This weekend I made the wife sit down and experience just a tiny portion of today’s selection, Patch Town. After the scene was over, I explained the plot of the film to add context to which she replied, “How do you find THESE movies?” Netflix recommended it because, let’s face it, they know I like it weird and so theys keep it coming.
The jovial Jon (Rob Ramsay) spends his days at the factory in Patch Town. He comes home to his loving wife Mary (Stephanie Pitsiladis) and their newly acquired infant Daisy. Daisy was stolen from the factory with the help of Boris (Alan C. Peterson) because it is strictly forbidden by the big boss Yuri (Julian Richings) for workers to adopt children. That’s because the children, born from cabbages, are placed in suspended animation and sold as dolls all over the world. Boris reveals to Jon that, before Jon worked the lines, he was such a lucky child. Armed with this knowledge, and with the help of Sly (Suresh John), Jon escapes Patch Town with Mary and Daisy hoping to reconnect with his long lost, and now adult, mother Bethany (Zoie Palmer).
I know you’re thinking, a cabbage patch kids movie! For serious?! That’s right, writer-director-producer Craig Goodwill conjured up this clever little concept, first as a short which he then expanded upon in this feature length film. You may think you’d have no interest in watching a film about kids born from a patch of cabbages, but you’d be depriving yourself of a unique viewing experience.
Now, I’m not saying Patch Town is a film of epic proportions. It has its problems, but the ingenuity of Goodwill’s story drives one to stay with our protagonist Jon until the end of his endeavor. It’s a well-worn path of tried, true, and overused plot devices, so don’t be surprised if your interest wanes down the stretch.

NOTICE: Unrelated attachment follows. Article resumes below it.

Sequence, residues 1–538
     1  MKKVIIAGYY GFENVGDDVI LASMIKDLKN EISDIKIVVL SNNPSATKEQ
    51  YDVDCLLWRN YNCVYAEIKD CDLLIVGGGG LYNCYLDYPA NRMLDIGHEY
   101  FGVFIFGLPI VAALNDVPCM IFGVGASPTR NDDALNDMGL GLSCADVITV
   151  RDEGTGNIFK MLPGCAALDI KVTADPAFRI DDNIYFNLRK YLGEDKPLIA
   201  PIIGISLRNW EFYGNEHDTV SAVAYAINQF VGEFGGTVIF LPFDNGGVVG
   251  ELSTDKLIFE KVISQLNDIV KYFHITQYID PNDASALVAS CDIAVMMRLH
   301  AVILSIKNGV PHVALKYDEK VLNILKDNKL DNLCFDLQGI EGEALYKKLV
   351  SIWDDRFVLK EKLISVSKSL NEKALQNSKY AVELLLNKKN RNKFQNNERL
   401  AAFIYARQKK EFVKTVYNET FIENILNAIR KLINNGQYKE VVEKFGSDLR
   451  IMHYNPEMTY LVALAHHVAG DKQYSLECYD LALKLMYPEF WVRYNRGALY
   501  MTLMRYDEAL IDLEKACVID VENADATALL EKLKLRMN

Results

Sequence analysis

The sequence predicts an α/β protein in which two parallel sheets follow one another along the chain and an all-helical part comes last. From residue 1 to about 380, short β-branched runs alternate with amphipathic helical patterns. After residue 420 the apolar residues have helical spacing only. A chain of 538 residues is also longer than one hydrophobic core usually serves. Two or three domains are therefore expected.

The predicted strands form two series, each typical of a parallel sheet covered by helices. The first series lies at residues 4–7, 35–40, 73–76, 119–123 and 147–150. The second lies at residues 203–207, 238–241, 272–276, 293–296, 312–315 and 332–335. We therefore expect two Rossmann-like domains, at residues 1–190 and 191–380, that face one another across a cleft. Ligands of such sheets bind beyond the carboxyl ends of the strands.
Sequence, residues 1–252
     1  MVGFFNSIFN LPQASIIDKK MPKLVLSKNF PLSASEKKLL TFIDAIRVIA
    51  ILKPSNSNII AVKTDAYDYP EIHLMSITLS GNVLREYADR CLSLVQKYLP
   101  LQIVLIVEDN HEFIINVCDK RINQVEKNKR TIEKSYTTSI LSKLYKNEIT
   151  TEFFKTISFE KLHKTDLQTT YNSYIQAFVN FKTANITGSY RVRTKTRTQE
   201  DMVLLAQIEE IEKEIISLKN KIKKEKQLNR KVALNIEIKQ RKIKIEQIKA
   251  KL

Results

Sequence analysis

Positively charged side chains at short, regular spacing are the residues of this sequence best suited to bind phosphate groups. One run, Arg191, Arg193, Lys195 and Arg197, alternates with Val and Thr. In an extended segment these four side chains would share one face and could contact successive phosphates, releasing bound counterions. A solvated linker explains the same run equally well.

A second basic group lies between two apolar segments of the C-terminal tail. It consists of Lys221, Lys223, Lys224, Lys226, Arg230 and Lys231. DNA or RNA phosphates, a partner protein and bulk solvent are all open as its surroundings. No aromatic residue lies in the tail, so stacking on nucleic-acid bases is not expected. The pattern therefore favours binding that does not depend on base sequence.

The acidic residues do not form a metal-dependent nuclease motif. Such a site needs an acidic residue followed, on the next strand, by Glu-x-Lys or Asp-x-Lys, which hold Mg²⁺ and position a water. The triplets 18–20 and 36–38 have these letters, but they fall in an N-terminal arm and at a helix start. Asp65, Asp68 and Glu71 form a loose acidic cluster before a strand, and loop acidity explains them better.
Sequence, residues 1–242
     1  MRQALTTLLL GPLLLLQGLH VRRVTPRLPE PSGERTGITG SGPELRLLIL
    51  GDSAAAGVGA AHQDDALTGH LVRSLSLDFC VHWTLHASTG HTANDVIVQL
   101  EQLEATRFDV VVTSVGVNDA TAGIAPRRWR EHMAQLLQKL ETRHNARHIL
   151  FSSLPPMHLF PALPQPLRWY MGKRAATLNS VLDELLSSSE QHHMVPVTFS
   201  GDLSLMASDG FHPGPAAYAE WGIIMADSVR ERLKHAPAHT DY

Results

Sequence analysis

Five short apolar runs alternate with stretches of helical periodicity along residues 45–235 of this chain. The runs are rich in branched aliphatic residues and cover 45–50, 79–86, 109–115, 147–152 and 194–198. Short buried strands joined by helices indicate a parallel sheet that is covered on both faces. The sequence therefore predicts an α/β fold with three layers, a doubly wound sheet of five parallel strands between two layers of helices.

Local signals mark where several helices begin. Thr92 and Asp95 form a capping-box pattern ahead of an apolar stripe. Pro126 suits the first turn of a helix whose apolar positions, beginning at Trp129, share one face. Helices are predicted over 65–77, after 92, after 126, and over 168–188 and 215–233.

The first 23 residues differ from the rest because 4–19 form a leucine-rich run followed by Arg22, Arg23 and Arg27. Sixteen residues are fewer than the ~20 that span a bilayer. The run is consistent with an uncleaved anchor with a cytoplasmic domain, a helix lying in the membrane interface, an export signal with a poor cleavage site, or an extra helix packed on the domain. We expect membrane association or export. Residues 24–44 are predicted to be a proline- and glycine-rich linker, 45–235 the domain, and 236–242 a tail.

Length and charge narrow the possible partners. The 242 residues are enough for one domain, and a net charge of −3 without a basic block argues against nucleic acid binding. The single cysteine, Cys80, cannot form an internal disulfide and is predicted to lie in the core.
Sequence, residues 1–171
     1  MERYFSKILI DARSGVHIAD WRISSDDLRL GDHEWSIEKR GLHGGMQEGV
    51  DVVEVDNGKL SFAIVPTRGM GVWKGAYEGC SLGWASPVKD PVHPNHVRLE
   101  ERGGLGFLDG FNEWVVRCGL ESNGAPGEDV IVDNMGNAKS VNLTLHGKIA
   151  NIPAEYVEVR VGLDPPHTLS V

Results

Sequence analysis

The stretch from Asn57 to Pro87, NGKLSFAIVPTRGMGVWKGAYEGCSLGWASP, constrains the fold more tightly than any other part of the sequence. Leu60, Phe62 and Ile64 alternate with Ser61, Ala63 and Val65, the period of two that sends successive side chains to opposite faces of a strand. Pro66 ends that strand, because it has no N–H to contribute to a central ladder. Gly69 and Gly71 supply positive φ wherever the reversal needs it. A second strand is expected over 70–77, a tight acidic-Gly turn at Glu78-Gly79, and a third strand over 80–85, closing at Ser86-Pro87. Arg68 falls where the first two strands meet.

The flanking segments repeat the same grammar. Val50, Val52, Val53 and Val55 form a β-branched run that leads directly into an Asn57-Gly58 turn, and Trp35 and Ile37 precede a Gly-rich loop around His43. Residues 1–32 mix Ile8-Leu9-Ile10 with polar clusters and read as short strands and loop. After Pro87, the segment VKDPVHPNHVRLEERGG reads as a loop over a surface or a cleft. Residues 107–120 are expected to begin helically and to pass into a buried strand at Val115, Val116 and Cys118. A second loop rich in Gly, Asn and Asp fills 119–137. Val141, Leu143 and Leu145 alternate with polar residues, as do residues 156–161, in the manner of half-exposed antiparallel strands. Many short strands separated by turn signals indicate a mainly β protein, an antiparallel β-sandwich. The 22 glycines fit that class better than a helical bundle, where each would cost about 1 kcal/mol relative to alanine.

That’s assuming you make it that far. Not only is Patch Town and ingenious look at life after doll-dom for a child of the cabbage patch, but it’s also a musical! Knowing musicals are not every viewers’ friend, however, so it’s understandable if you turn it off once Jon starts belting out his first tune. Not to say Jon’s bad. In fact, Jon’s Ramsay and Mary’s Pitsiladis are exceptional singers and make the smattering of songs much more palatable.
Odd is certainly one word to describe Patch Town. It’s not for everyone, but those who can get down with it’s far out concepts are going to enjoy Jillian Richings and Ken Hall ham it up as the evil Yuri and his henchman Kenny. Ramsay is the king of hero you find yourself rooting for and his buddy Sly is the kind of rapscallion you want on your side when things start going south.
Patch Town is fun in its own way, but I don’t expect the masses to be queuing it up en masse following this review. If it draws just a few more into the folds of the cabbage leaf, I’ll consider my job done.